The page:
THE BLOG
04/11/2014 12:51 pm ET Updated Jun 11, 2014

The Week Is Over: The Work Is Not

Phil Fisk via Getty Images

The amazing thing about awareness weeks is how good they make us feel. That warm and fuzzy feeling grows inside us over the course of the week, the power of community pulsing through our veins, the battle cries ringing in our ears, "You are not alone!" It's a beautiful thing.

But only if we keep it going.

National Young Adult Cancer Awareness Week is about recognition. It's about recognizing that young adult cancer is a real issue that really needs our attention. But just because the week is over doesn't mean the work is done, and, if we think it is, then this whole "awareness week" thing has been for naught.

The real work continues the other 51 weeks of the year. At Critical Mass, we spend our time working to aggregate resources, patients, and data in order to move the field forward. But the young adult cancer movement is brought to life by groups and individuals all across the country working 52 weeks, 365 days a year in countless amazing ways, such as:

  • Conducting research and interventions on how to minimize the emotional and social impact of cancer on young adults.
  • Teaching young adult survivors to tell their stories in a way that changes how people view cancer, especially in young people.
  • Empowering young adults to speak up for themselves and get the care they need and deserve.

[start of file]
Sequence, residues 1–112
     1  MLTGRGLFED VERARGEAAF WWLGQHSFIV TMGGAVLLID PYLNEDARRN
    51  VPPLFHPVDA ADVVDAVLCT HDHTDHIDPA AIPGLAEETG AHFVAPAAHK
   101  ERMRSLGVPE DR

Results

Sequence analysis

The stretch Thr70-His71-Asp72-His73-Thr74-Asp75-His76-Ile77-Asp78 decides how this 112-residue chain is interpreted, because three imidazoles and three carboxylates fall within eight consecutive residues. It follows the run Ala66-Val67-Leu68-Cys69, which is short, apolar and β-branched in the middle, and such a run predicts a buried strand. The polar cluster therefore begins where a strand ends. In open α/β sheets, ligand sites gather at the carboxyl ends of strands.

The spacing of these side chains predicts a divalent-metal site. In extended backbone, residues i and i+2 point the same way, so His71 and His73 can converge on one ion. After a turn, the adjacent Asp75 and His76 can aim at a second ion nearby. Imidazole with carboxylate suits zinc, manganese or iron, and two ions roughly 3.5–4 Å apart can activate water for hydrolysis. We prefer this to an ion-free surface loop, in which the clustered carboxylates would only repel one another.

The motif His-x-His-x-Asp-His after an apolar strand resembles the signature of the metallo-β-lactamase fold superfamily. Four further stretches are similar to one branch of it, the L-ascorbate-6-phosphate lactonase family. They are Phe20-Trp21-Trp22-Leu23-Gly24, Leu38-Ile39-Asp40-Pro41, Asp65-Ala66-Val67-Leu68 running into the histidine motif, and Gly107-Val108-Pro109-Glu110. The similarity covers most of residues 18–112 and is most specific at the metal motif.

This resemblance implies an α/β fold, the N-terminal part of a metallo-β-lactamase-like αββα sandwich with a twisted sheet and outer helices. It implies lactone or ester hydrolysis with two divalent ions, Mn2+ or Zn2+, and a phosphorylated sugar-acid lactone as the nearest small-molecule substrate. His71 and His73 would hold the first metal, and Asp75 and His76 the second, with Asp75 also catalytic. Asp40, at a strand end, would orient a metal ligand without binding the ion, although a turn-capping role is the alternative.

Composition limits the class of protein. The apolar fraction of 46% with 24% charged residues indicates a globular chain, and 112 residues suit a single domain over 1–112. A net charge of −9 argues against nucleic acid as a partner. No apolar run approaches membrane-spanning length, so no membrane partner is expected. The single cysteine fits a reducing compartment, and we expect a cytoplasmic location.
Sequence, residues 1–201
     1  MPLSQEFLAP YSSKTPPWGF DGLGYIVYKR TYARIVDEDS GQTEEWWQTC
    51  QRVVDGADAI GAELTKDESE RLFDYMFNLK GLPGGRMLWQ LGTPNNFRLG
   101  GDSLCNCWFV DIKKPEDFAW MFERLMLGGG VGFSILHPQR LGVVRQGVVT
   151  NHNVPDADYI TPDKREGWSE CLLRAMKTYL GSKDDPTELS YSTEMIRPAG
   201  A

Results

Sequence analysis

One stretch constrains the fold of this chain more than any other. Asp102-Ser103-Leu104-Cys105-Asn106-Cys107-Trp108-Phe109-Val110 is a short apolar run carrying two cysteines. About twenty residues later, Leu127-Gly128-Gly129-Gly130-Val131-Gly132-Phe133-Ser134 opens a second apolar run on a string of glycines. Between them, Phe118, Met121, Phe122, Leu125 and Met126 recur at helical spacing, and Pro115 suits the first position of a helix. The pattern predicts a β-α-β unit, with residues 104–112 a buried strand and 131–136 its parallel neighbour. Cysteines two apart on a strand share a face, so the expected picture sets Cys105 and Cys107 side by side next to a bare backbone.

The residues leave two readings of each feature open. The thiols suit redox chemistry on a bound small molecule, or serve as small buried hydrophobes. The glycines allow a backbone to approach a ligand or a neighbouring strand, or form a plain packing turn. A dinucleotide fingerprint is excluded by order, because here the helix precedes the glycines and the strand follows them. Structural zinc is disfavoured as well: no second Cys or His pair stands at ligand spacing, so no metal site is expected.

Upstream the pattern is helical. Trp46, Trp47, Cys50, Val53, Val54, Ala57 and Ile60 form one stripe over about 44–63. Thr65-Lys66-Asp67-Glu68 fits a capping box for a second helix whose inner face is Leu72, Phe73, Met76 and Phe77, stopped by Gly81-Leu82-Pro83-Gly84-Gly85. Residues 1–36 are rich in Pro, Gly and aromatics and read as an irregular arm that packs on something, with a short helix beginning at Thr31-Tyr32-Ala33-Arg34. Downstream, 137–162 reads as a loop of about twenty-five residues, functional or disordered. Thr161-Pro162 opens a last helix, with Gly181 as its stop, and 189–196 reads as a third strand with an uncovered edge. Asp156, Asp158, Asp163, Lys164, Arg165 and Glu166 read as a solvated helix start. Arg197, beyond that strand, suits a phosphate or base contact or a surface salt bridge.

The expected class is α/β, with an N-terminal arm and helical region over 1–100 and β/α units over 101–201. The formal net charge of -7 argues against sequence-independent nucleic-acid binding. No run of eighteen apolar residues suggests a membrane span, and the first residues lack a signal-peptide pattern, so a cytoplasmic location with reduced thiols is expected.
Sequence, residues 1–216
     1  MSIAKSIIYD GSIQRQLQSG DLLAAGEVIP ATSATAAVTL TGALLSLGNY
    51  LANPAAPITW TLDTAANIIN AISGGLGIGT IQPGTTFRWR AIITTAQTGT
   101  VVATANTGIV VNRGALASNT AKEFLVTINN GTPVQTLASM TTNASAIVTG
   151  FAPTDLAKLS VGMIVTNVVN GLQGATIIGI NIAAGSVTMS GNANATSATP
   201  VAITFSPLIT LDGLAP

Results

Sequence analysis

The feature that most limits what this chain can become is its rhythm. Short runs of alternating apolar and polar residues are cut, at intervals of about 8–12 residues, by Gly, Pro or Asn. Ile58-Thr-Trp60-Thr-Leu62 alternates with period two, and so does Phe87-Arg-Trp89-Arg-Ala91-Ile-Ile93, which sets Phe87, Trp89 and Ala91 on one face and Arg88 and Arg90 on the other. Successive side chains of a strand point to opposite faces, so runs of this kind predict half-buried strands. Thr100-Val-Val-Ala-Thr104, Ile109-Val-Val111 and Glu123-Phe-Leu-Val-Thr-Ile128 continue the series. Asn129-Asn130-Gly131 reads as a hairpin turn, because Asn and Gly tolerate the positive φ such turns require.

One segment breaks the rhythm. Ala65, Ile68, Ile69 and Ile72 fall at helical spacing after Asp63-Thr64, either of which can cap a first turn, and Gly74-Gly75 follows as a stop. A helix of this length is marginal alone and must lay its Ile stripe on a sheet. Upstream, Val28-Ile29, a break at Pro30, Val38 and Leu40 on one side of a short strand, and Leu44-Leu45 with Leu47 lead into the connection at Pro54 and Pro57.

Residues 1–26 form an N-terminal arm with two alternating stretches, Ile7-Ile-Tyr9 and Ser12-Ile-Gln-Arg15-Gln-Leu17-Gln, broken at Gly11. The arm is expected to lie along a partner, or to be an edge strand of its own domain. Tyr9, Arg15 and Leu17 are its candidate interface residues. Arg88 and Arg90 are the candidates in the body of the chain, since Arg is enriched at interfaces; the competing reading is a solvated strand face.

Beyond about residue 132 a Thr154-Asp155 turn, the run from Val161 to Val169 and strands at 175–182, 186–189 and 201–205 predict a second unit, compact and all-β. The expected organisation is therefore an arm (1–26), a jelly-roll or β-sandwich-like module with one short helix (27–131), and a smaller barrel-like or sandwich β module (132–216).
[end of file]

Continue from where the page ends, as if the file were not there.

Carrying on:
• Creating hospital-based programs so that young adult survivors get the right care in the right way.
  • Including age-specific analysis as a part of clinical cancer treatment research.
  • Forming and growing local and national non-profits to make sure young adults have a place to build community, find support, and get information.
  • Assisting financially devastated young adult survivors.
  • Providing fertility preservation information, options, and assistance.
  • Offering retreats and camps that bring about new perspectives and newfound confidence.
  • Encouraging government, policy and professional organizations to change policies and standards for young adult cancer care.
  • Studying the biological and molecular differences between cancer in young adults and cancer in children and older adults.
  • Supporting physicians and nurses who speak out for their young adult patients.

National Young Adult Cancer Awareness Week was an amazing opportunity to remind everyone that the work is good, but the work isn't done. Now's the time to join forces, to reach out and connect, to strengthen the community.

How, you ask?

  1. Find the great young adult organizations and champions working in your own community and offer your support.
  2. Join us on Facebook and Twitter to share your own insights, wisdom, and stories with the community and to spread information and resources within your own network.
  3. Keep the conversation going. Talk to your oncologist if you have cancer. Talk to your primary care physician if you don't. Tell her that young adult cancer is important to you because it's important to all of us. Talk to your friends and family. Silence, like fragmentation, is our enemy.
  4. Stay informed. Visit CriticalMass.org and other sites that post about young adult cancer and read, read, read. (And keep your eyes open for our new patient platform and other exciting innovations. Coming soon!)
  5. If you work in the field, join us in Denver at the 2014 Critical Mass annual meeting from November 12-14.

It's as insanely simple as it is difficult. We have to keep young adults in the front of our minds when it comes to all things cancer. We have to work together on every front. And we have to keep moving forward even when National Young Adult Cancer Awareness Week is far behind us.